# How to say that one set is the smallest containing another set?

Imagine that we have a collection of sets $$\cal C$$, let $$S\notin \cal C$$ and $$A \in \cal C$$.

In algebra, topology, etc... we often see statements like " ----- is the smallest set containing -----", but I'm always not sure how to formalize these kinds of statements. How can I write that $$A$$ is the smallest set in $$\cal C$$ containing the set $$S$$? How can we measure the "length" of these sets in order to say that one is smaller than the other?

• For sets of discrete elements $|S|$ is the cardinality or "size" of a set—the number of its elements. Nov 9, 2020 at 16:10
• But, for example, If I'm talking about sets in $\Bbb R$, how can I say that some set is the smallest set containing another? All intervals in $\Bbb R$ have the same cardinality @DavidG.Stork Nov 9, 2020 at 16:11

In this use we order sets by inclusion, so you would say that $$A$$ is in $$\mathcal C$$, contains $$S$$, and all other sets in $$\mathcal C$$ that contain $$S$$ also contain $$A$$.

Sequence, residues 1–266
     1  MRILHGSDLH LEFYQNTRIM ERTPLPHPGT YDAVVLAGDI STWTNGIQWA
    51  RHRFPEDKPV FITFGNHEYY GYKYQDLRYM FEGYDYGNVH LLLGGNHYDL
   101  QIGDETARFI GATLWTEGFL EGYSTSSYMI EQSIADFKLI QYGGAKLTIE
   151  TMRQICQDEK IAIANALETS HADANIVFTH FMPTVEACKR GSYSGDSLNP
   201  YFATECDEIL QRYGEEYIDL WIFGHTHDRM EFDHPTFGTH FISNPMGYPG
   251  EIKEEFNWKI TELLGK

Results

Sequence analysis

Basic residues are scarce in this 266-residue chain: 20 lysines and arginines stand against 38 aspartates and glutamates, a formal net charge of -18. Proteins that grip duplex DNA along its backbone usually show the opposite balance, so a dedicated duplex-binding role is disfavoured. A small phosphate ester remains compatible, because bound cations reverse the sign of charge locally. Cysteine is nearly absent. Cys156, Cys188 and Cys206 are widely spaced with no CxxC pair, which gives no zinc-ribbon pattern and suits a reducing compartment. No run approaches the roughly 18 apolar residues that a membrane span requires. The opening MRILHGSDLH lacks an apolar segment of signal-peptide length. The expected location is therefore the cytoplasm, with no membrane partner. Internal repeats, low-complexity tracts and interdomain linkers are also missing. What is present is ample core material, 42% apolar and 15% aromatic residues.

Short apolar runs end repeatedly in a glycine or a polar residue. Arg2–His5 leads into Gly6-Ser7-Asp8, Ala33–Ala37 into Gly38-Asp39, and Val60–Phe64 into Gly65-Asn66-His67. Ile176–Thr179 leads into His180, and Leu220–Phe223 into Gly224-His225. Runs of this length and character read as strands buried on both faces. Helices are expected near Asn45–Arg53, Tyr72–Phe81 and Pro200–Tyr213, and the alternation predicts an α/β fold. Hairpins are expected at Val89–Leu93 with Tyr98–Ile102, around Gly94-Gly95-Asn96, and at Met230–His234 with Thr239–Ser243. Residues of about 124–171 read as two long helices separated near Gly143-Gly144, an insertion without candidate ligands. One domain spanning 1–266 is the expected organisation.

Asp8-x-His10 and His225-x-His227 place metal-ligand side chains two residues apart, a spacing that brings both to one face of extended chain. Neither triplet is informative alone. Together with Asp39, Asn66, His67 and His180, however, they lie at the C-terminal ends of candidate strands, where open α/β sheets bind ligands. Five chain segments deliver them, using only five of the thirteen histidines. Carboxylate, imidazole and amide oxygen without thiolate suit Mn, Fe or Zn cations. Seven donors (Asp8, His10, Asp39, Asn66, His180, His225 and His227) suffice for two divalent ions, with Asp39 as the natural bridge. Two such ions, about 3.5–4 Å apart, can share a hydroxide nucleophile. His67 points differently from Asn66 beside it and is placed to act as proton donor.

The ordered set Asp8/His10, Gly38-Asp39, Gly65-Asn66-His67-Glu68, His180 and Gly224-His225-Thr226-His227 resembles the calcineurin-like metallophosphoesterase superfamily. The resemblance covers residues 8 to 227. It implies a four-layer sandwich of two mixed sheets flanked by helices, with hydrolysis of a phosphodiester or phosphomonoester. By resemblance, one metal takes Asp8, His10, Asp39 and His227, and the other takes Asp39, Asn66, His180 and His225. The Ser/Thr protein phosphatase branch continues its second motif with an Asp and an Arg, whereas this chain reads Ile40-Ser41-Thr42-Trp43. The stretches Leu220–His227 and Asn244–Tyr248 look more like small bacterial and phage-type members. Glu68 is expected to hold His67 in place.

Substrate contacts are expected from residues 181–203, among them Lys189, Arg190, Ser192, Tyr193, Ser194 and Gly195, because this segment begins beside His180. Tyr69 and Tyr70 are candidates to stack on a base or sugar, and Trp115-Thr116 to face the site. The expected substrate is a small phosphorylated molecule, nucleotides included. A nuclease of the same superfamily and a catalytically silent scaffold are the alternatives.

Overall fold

• So, $S \subset B \Rightarrow A \subset B$? Nov 9, 2020 at 16:12
• Yes, for all sets $B \subset \mathcal C$ Nov 9, 2020 at 16:19

The statement usually means the property $$A\in\mathcal C\land A\supseteq S\land (\forall B\in \mathcal C,(A\subseteq B\lor S\nsubseteq B))$$ id est that $$A\in\mathcal C$$ is a set containing $$S$$ and, for all other sets $$B\in\mathcal C$$ which contain $$S$$, $$A\subseteq B$$.

Personally, I would not use the word "smallest" when I'm referring to cardinality. I would say "of least cardinality" (or "least size", or "least measure", or "least greatest lower bund of the sine of an odd integer contained in it"...).

• So is this the same as saying that if $\mathcal {P} = \{U \in \mathcal C : S \subseteq U\}$, then $\bigcap_{U \in \mathcal P} U = A$? Nov 9, 2020 at 16:16
• @EduardoMagalhães There is one if and only if $\bigcap\mathcal P\in\mathcal C$, in which case $A=\bigcap \mathcal P$.
– user239203
Nov 9, 2020 at 16:18